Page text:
Both post-modernists and many traditional Muslims agreed on one thing: feminism was a dirty word. But I was fascinated by the struggles that European women had gone through to create a society where I was able to choose to wear hijab and establish it as a principle of my choice and empowerment. I read writings about throwing off corsets, burning bras and the revolution of the mini-skirt. The questions that women asked then were the same questions that Muslim women were asking now: who were men to tell women how to dress? Why were women being fobbed off with ideas that they had already been given their due, when in fact they hadn’t? Why did women not get their voices heard? I agreed wholeheartedly: women had to throw off their shackles, liberate themselves, enter the workplace and establish equality. I punched the air fervently and then asked myself meekly, was I a feminist?
I thought its aspiration was very attractive. I knew that as a child of the 1980s I had not suffered the inequality and oppression or the struggles and sacrifices of the women who came before. But I was indeed suffering at the hands of an Asian Muslim culture that interpreted Western feminism as misguided, and misguidedly interpreted Islam in order to subjugate women.
I wanted to contribute to the social discourse about gender and equality, but Muslim women who wore the veil by choice, and by extension who embraced Islam as a positive force, were not allowed to have a say. Only Muslim women who had openly rejected Islam were allowed to be part of the discussion. I was an inadmissible feminist.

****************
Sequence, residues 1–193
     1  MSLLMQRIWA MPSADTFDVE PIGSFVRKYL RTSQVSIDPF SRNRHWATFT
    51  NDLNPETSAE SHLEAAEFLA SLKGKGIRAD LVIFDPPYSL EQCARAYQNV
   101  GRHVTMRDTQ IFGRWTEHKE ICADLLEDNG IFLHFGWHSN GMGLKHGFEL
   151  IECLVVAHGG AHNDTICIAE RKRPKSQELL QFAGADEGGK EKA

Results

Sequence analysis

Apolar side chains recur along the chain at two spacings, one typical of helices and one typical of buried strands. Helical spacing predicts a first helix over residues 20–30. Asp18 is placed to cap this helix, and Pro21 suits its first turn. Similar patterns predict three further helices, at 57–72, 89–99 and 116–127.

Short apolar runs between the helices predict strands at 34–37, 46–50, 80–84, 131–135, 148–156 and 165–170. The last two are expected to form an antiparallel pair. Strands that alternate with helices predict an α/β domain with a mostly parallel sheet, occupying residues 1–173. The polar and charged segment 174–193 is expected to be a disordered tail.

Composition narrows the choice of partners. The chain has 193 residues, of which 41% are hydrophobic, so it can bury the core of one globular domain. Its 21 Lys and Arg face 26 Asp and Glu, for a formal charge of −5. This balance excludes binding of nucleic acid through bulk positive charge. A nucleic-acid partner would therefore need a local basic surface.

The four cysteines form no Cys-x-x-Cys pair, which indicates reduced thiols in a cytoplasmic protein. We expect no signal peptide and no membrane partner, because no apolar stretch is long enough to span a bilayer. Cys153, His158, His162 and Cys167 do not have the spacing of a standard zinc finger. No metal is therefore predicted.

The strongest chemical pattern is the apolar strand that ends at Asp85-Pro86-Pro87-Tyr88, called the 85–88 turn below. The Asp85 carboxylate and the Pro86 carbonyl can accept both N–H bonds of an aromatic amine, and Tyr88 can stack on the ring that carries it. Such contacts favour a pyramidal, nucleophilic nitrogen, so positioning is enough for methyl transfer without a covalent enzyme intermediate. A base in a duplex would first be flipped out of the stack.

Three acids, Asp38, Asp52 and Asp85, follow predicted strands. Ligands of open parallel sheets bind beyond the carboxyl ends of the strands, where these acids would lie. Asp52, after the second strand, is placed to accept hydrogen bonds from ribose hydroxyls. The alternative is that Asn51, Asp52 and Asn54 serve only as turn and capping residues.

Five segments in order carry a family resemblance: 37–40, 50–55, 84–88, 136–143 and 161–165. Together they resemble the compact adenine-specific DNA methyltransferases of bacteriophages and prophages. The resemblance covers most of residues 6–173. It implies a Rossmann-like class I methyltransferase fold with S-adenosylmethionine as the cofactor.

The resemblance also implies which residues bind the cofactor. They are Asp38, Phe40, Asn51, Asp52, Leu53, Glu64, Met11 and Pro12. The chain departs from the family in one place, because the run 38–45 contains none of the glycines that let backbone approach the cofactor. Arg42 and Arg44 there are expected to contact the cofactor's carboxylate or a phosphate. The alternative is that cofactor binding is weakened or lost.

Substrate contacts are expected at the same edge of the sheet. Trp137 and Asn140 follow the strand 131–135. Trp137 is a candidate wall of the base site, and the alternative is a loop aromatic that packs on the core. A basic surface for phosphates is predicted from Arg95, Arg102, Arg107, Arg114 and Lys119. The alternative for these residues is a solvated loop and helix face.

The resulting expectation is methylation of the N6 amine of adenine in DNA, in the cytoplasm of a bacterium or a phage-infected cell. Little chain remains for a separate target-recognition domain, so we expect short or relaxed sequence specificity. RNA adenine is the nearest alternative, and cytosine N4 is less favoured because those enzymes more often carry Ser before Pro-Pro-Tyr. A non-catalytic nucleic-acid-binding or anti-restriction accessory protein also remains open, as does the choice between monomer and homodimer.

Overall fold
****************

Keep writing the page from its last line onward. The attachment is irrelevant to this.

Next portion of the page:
The global discussion about equality for women referred to the veil as oppressing women, a sign of their second-class status. Where women were forced to wear it, I believed it was wrong. But the fact that they were forced to wear it was not the problem itself: it was the symptom of more serious underlying inequality. That inequality wasn’t part of the blueprint of Islam. Islam talks about equal value and worth for both genders, both equal as creations. Each man and each woman will be judged on their own individual merits for each atom of good and each atom of evil that they have done.
I was most moved by a verse in the Qur’an which says that God ‘created you from a single soul’. No left ribs, no second status. Men and women were from a single soul, equal in creation and worth. Everything else had to be interpreted in this context. That meant if there was inequality in interpretation or in practice, we had to go back to this very essence and rethink where we were. Everything in our understanding as Muslims had to be in the spirit of ‘created from a single soul’.
Shelina Zahra Janmohamed writes columns for EMEL magazine and The Muslim News and regularly contributes to the Guardian, the BBC and Channel 4 including Newsnight and The Heaven and Earth Show. Her award-winning blog, Spirit21, is hugely popular. She is a graduate of New College, Oxford. She lives in London. Love in a Headscarf is her first book, and has been featured across the media from BBC World Service, to The Guardian, The Daily Mail to Women’s magazines, and was sold out on Amazon within a week of publication.
You can read her inspiration for the book here: